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April 22, 2018 2:57 pm

A Wake-Up Call on Syria

avatar by Fiamma Nirenstein /

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Members of the Syrian police hold their weapons as they sit on a back of a truck in Douma, April 16, 2018. Photo: Reuters / Ali Hashisho. – In his initial reaction to the raid in which 100-plus Tomahawk missiles hit Syria on April 13, Bashar Assad remarked that it signified the “failure of the West.” He fortuitously touched upon a sensitive point — albeit the wrong way round.

Far from a failure, the strike represents a sudden reawakening: America, France, and the United Kingdom collectively decided to prevent further atrocities and acted together on a joint mission of justice: to not only punish but also to prevent the use of chemical and biological weapons.

The history of such weapons is engraved in the numerous images of soldiers in the trenches of Europe during World War I, the gas chambers used by the Nazis, the massacre of Iranians by the Iraqis during the eight-year Iran-Iraq war, and Iraqi dictator Saddam Hussein’s slaughter of his Kurdish citizens.

In 1925, the Geneva Protocol was signed by most of the world’s countries in order to ban the use of chemical weapons. In 1972, the protocol was supplemented by the Biological Weapons Convention, which has been in effect since 1975, and the Chemical Weapons Convention of 1993, which went into effect in 1997. Syria also signed this treaty. It prohibits the production, development, stockpiling, and use of chemical weapons, and orders their destruction.

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Now, the Tomahawks and other missiles have quite rightly taken out Syria’s chemical weapons program — its storage and equipment facilities, as well as research centers located in the suburbs of Damascus and Homs. It was a raid that was, as President Donald Trump said, “justified, legitimate, and proportionate,” but above all “perfectly executed.” This indicates superb intelligence and outstanding military organization.

The strike has saved lives. And it was careful to avoid provoking both the Russians and Iranians, whose facilities were circumvented. The goal was solely to target Assad’s chemical facilities. The Syrians tried but were unable to intercept the missiles. Various military bases were evacuated. Syrians who were stationed at some fled and sought refuge among the Russians. Even the Iranians evacuated areas and bases — at least temporarily.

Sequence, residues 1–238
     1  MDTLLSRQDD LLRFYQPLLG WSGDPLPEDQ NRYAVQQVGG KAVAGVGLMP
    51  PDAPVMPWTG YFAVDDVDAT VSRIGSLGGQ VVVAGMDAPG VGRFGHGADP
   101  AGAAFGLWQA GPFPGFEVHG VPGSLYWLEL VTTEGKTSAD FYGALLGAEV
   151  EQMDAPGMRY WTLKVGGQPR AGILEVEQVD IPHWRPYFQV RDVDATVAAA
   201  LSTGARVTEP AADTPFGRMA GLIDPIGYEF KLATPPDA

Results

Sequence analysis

But will nothing change for Assad, as we’ve heard reiterated? No one will want to pose this question in the short term, and the practical details still need be worked out, but at the very least, in my view, Vladimir Putin is not attached to Assad.

Trump was wrong to proclaim in a tweet “Mission Accomplished.” Assad has been able to retain power for so long due to two reasons: his savage mania for control, which has led him to kill hundreds of thousands of his own people; and support and encouragement from Iran. This week, Iran was the first, along with Hezbollah leader Hassan Nasrallah, to run to his rescue with statements that accuse the coalition of violating international law — a rather ironic accusation. Russia has also been an Assad supporter and made similar statements.

At present, we haven’t heard a peep from the Arab world, apart from the Palestinians, who are all fervently anti-Trump. Previously, Trump had announced that he intended to leave Syria. Now, given Iran’s aggressive use of the Syrian border against Israel and the development of American relations with those Arab countries most concerned about Iran’s presence in Syria, it seems highly unlikely that the mission is truly over. Israel has already said that it will not let Iran establish a military front on its border. Russia will want to make its voice heard, albeit with caution, in the new situation, even if it plays lip service to the “war on terrorism” and “aggression against the government of a foreign state.”

It seems clear at this point that it will be difficult to reverse course now. A new front has been opened that calls into question seven years of arrogance in Syria, which the United States, France, and Britain have finally taken into account.

Journalist Fiamma Nirenstein was a member of the Italian Parliament (2008-13), where she served as vice-president of the Committee on Foreign Affairs in the Chamber of Deputies. She also served at the Council of Europe in Strasbourg and established and chaired the Committee for the Inquiry Into Anti-Semitism. A founding member of the international Friends of Israel Initiative, she has written 13 books, including Israel Is Us (2009). She is currently a fellow at the Jerusalem Center for Public Affairs. This article was translated by Amy Rosenthal.

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